Friday, June 22, 2018

That Little Matter of King Arthur and Camelot

by Helen Hollick

sings: 
“There’s no congenial spot, for happy-ever-aftering…. than here, in, Cam...e...lot!”
DVD Cover 


Camelot: turrets and towers, ladies in flimsy wimples and multi-coloured gowns. Chivalric knights in gleaming armour. Camelot, where the wind whisks the leaves into neat little piles, it never rains until after sundown and the snow must melt at a designated time.

Except, if Arthur had existed, and if he'd had a headquarters it would not have been a castle with flags fluttering from the turrets, a drawbridge and portcullis, a bailey – stone walls, and dungeons (and no dragons). The romantic view of King Arthur’s Camelot is a fairy-tale type Disney castle, with jousting, courtly behaviour and a round table in the magnificent tapestry-adorned Great Hall. The movie starring Richard Harris was fun. But history it wasn't.

Unfortunately, no one is certain whether Arthur existed or not; if he had been a genuine historic character he would have lived in Britain in the mid-to-late 400s or early 500s, between the going of the Romans and the coming of the Anglo-Saxon English. His realm would have been Britain, not England – Arthur's Britain is what we today call England and Wales combined, perhaps with the lowlands of Scotland included as well. In Arthur’s time, the Welsh were Britons, the Scots were Irish, the English were Germanic and the Romans were… well, in general, were from anywhere except Rome!

And Arthur’s Castle? We don’t know about that either, although there is a mass of speculation. Probably such a headquarters would have been a semi-derelict Roman Fort, or a re-vamped iron-age hillfort. Caer Leon in South Wales has been suggested. Chester on the border of North Wales and England – Arthur’s Seat in Scotland, Tintagel in Cornwall; Winchester, even London….  there are dozens of possibilities. It is almost a case of 'pick your own favourite.'

Tintagel, Cornwall
(photo Kathy Hollick-Blee)
Cadbury Castle near Yeovil in Somerset is one of the main contenders, and the one I used for Arthur’s main fortress in my Pendragon’s Banner Trilogy. Excavations discovered that the place - once an Iron-Age fortress - was indeed occupied in Arthur’s period (again assuming he did exist!) of mid-fifth to mid-sixth century, the period popularly known as the Dark Ages (and rightly so, as we are still very much in the dark about this era of immense upheaval.)

Anything connected with King Arthur is conjecture; there is no factual proof of evidence for his existence, which is why so many historians / authors / enthusiasts argue like mad about the various theories, everyone insisting their idea is the truth. The only fact in all of it being that we all disagree with each other.

If Arthur had existed, was he pre-Roman, Romano-British, post Roman or early British-Saxon? The only certainty (probably!) is that he was not a king nor a knight in armour belonging to the 12th or 13th centuries. If he had been of this later period we would have had at least some historical, factual, reference to him, not just the Medieval tales - the early equivalent of historical fiction.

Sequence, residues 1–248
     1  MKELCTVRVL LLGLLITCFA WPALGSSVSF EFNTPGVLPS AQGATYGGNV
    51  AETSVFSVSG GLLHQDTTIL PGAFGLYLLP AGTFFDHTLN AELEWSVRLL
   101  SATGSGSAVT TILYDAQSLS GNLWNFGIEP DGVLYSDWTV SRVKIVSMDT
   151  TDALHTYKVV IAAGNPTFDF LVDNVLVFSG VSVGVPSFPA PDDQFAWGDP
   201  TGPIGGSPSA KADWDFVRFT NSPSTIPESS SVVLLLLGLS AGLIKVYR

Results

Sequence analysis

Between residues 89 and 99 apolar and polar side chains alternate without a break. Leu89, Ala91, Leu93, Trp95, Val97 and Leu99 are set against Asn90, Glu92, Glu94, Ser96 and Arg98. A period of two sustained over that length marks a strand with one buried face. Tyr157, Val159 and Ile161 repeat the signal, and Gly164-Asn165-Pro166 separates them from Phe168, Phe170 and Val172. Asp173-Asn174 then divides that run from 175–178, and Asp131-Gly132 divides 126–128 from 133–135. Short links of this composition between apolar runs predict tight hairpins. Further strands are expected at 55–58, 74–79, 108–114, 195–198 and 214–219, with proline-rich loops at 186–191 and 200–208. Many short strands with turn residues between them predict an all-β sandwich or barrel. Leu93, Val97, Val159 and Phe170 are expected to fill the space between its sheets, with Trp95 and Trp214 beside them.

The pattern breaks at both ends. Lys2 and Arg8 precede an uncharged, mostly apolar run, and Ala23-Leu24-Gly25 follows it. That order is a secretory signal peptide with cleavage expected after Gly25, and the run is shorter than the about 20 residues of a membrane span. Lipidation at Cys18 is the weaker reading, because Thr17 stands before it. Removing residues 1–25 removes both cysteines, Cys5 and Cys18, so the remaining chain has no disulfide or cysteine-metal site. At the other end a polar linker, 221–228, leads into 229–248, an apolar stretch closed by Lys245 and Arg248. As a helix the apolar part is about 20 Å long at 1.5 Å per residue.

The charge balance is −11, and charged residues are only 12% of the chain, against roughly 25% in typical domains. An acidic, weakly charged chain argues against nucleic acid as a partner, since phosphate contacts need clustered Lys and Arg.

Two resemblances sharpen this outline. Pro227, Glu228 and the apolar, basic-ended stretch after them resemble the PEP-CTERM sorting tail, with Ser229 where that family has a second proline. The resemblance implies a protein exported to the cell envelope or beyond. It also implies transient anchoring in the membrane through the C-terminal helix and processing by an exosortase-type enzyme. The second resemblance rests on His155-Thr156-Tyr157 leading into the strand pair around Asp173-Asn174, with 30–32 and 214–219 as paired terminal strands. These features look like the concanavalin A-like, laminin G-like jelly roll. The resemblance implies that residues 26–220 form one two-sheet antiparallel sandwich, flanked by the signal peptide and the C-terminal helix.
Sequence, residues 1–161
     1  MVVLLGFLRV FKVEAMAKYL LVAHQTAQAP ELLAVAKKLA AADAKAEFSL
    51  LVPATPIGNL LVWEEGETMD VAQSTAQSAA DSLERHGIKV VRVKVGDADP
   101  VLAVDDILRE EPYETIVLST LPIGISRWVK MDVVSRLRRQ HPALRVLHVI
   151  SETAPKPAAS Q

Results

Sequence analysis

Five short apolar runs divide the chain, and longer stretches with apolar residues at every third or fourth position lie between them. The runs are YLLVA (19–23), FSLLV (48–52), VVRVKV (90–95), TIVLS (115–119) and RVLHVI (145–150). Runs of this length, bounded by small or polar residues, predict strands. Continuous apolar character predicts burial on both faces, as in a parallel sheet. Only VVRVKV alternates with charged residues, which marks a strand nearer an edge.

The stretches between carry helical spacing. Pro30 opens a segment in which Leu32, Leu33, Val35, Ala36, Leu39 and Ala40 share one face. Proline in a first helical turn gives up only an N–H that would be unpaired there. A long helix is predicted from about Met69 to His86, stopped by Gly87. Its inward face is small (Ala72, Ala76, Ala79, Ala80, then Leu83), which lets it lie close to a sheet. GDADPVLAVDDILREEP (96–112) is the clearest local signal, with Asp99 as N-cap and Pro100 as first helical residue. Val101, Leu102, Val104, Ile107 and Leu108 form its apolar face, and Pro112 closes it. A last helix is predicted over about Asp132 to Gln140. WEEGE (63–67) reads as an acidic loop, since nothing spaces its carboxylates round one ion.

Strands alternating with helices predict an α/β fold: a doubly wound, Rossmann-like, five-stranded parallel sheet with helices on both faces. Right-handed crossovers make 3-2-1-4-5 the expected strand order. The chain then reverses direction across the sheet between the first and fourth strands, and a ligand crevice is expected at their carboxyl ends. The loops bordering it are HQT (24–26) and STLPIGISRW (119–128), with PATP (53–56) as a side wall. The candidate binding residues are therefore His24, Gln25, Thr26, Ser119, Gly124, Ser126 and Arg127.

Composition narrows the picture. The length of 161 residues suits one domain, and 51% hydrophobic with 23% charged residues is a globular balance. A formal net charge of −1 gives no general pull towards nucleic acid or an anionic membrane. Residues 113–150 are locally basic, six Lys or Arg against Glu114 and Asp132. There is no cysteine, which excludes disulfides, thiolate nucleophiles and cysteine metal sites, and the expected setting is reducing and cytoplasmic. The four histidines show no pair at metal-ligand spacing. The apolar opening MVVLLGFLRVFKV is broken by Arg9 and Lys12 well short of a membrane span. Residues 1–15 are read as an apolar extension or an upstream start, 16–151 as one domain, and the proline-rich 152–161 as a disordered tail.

'Camelot'? er no...
more like 'Certainlynot'!
(image: Pixabay)
The scanty - somewhat dubious - 'historical' references we do have (Gildas, Nennius and Geoffrey of Monmouth in particular,) are, at base level, fairly accurate records of the fifth/sixth century, but like the exaggerated stories of Robin Hood, they have become embellished during later years from Medieval monks to the Victorians and the New-Age hippies of the 1960s, with so many facts altered that the truth has now become vastly distorted. Alas. (Glastonbury in particular was affected by an upsurge of myth and magic in the 60s: nearly every shop in the High Street sold crystals and embraced 'Flower Power'. I'm not entirely certain what it all had to do with King Arthur though...)

Arthur’s Camelot (assuming he had one!) would have been a fortified hill-fort built primarily of timber, with a wattle-and-daub long house. But whether it was fortified to keep out the Saxons, the Scotti or an almost infinite variety of different foreign invaders is speculation. My money is on a warlord attempting to preserve what little was left of the crumbling Roman existence in Britain against the encroachment of settling Anglo-Saxons. Maybe the West Country or what is now Essex, Kent, Surrey, Hampshire, Sussex. There again, I might be wrong.

For my Arthurian trilogy I stripped away the Medieval myth and looked closer at the early Welsh legends. My Arthur is a warlord, a no-nonsense man who had to fight hard to gain his kingdom - and even harder to keep it.  I have deliberately made him a pagan, a non-Christian, because I wanted to get away from the Christian-based 'Holy Grail' tales. My Arthur puts his faith in his sword not a god. I do use the term 'king' for him because I felt readers would be more comfortable with a more familiar term of leadership (as opposed to something like Dux Bellorum).

The Boy:
Who became a Man:
Who became a King:
Who became a Legend.

Whatever the truth, the good thing about Arthur is that he is an absolute delight for fiction authors. We do not know the facts so we can make it up - and no one can prove us wrong. So huzzah for imagination, a good storyteller and long may Arthur  of Camelot (wherever it might be) reign as the King of Fiction!

For a full bibliography of books used while researching the Pendragon's BannerTrilogy:
 http://www.helenhollick.net/bibliography.html

What are your views on King Arthur? You are welcome to leave a comment below.

~~~~~~~~~~

Helen Hollick lives on a thirteen-acre farm in Devon, England. Born in London, she wrote pony stories as a teenager, moved to science-fiction and fantasy, and then discovered historical fiction. Published for over twenty years with her Arthurian Trilogy, and the 1066 era she became a USA Today bestseller with her novel about Queen Emma The Forever Queen (UK title A Hollow Crown.) She also writes the Sea Witch Voyages, pirate-based nautical adventures with a touch of fantasy. She has written a non-fiction about pirates and one about smugglers in fact and fiction which is due to be published in 2018.